Despite 'real barriers', Etches hopeful Ottawa can hit 90% fully vaccinated

Ottawa's medical officer of health says she's optimistic the city will reach its ambitious target of 90 per cent fully vaccinated from COVID-19, even with "real barriers" around vaccine accessibility and hesitancy still blocking the way.

83 per cent of eligible residents have had at least one dose

Dr. Vera Etches, Ottawa's medical officer of health, says the city can reach the lofty goal of 90 per cent of the population fully vaccinated. As of July 29, 61 per cent of the total population was fully vaccinated. (Sean Kilpatrick/Canadian Press)

Ottawa's medical officer of health says she's optimistic the city will reach its ambitious COVID-19 vaccination target even with "real barriers" around vaccine accessibility and hesitancy still blocking the way.

Ottawa public health officials have said their aim is to fully vaccinate 90 per cent of the city's population in order to reach herd immunity.

As of Thursday, the Ottawa Public Health vaccination dashboard showed 83 per cent of residents 12 and older have had one vaccine dose — unchanged over the past week — while 70 per cent had received both doses.

If you include children younger than 12 who are not yet eligible, 61 per cent of Ottawa's total population is fully vaccinated.

At a Thursday afternoon news conference, Dr. Vera Etches said they are still trying to reach people unsure about the merits of vaccination, while also making it as "convenient as possible" for those who want a shot but haven't been able to get one.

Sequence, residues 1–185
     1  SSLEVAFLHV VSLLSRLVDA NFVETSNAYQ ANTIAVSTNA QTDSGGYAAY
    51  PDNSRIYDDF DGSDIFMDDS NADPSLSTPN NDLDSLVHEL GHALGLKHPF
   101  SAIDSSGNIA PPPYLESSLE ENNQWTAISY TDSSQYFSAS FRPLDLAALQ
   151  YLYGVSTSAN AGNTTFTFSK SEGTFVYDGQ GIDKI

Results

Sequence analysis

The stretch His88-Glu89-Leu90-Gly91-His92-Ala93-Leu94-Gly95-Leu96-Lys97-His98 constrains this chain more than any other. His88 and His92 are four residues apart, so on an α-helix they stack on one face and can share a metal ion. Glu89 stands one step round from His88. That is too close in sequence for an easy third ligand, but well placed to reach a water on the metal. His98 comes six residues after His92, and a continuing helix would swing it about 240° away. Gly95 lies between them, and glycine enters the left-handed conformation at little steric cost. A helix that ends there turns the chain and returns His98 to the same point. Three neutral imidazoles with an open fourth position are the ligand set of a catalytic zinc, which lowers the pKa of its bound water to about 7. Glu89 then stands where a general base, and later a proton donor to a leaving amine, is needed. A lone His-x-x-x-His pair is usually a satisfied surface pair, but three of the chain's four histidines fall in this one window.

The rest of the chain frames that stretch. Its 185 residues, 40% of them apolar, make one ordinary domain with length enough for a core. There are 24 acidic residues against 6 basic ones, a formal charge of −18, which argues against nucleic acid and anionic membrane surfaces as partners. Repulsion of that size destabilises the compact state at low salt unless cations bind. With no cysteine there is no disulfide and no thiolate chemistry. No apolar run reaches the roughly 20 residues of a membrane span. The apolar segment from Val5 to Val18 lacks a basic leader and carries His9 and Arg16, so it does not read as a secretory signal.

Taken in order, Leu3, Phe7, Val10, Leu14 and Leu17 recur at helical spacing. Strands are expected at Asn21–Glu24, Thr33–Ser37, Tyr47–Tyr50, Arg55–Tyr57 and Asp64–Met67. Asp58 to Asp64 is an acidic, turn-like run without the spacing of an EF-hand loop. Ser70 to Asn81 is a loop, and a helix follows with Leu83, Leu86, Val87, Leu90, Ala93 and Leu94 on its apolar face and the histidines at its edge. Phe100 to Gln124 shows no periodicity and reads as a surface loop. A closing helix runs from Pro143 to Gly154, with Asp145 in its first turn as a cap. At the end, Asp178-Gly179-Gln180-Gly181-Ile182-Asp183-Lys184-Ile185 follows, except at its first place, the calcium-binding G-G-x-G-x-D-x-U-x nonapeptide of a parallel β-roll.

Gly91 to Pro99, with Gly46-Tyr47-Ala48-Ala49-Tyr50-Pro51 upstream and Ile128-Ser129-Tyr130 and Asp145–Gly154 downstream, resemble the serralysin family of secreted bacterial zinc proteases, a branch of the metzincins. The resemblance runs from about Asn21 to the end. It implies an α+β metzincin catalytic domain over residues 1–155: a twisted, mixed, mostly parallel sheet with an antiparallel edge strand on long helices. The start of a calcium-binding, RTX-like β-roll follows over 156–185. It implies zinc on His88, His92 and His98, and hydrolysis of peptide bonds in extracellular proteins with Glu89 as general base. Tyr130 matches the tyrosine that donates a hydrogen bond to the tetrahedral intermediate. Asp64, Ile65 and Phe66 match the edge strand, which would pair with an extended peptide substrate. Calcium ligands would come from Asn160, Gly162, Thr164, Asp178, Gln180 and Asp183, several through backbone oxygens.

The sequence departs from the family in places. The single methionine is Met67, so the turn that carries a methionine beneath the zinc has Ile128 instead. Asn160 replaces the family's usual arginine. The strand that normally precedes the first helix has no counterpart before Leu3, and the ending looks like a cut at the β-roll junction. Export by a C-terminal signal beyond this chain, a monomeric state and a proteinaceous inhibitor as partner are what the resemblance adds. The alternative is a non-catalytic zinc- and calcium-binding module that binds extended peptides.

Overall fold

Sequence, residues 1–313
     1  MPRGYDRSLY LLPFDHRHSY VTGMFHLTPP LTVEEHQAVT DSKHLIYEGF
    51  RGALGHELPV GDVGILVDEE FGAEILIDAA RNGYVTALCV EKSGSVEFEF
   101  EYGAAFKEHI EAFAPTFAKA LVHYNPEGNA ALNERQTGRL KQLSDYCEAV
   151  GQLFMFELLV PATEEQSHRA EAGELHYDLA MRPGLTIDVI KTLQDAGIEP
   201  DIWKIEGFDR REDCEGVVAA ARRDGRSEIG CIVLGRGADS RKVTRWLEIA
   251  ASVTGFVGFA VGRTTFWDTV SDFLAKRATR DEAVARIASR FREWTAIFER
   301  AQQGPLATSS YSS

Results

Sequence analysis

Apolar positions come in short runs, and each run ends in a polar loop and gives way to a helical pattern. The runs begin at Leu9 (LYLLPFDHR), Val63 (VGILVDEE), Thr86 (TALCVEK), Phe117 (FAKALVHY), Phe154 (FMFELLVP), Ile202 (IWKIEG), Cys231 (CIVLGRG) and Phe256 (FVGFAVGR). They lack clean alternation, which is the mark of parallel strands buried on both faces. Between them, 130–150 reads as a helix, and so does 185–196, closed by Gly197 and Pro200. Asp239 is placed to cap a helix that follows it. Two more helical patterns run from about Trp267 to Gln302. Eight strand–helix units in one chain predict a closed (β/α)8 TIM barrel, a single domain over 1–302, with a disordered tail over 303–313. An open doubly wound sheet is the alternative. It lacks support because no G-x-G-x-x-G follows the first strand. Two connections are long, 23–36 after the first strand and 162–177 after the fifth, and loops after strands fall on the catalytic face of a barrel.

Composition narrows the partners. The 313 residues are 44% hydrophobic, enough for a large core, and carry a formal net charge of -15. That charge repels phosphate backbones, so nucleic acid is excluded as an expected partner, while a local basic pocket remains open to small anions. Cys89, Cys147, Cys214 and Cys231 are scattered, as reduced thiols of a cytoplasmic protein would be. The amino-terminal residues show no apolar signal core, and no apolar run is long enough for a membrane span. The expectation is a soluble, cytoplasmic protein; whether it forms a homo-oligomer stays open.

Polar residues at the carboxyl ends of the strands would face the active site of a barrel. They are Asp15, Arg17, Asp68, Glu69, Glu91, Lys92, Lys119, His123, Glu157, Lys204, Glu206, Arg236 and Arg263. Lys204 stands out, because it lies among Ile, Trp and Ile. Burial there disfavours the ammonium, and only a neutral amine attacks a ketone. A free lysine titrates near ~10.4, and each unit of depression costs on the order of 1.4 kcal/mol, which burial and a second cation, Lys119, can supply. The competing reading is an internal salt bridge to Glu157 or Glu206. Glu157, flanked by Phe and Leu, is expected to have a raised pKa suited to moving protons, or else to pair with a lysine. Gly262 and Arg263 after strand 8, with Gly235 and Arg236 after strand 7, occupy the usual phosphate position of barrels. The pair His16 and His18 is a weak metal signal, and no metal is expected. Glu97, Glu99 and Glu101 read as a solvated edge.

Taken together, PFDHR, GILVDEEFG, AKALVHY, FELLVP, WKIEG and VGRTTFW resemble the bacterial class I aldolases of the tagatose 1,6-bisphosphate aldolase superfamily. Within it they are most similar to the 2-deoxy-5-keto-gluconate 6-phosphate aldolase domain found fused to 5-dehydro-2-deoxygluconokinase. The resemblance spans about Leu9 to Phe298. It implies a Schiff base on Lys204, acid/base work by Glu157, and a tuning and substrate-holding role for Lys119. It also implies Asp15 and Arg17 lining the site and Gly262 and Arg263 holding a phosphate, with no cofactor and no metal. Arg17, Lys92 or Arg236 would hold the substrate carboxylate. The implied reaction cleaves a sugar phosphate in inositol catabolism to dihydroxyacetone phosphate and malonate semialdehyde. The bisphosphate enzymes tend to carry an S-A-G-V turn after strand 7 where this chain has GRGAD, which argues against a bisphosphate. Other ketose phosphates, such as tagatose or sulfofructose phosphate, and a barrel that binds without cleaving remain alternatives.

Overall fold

"There are still real barriers for some," said Etches. "We've talked to people who aren't immunized yet. We're trying to understand what those barriers are. And they have been child care. There's still transportation [issues]."

To overcome those sorts of obstacles, Etches urged local businesses and organizations to request a visit from one of the health unit's mobile vaccination clinics.

About 20 groups signed up when the program launched last week, and more than 50 clinics have been dispatched in total, she said.

WATCH: Dr. Vera Etches urges compassion when talking to vaccine-hesitant residents:

OPH urges compassion when talking to vaccine-hesitant residents

1 year ago
Duration 0:43
Dr. Vera Etches, Ottawa’s medical officer of health, says residents should avoid judging friends or family members who are hesitant to get the COVID-19 vaccine, and instead have a calm conversation about their questions and concerns.

School year approaching

Since young children don't yet qualify for a COVID-19 vaccine, Etches said the best way to ensure their safety is for people to roll up their sleeves if they are eligible to be vaccinated.

With the start of school for many only six weeks away, now's the time for anyone lacking their first dose to go get one, Etches pointed out, in order to be fully vaccinated by the return of in-person classes.

Etches also noted the delta variant that has fueled COVID-19 resurgences in places like the United Kingdom still accounts for a small minority of cases in Ottawa — only 45 of the 9,140 total confirmed or suspected variants of concern reported in Ottawa, or 0.5 per cent.

While COVID-19 will likely reach an "endemic" state where it circulates in the community but doesn't overwhelm the health-care system, Etches said vaccines still need to be combined with mask-wearing rules to keep transmission rates low.

"We absolutely have more protection from severe disease because of the vaccine, but we still have 30 per cent of our population that is not vaccinated, and most of our population is not yet immune either," Etches said.

"And that is a large enough population to still have exponential growth."


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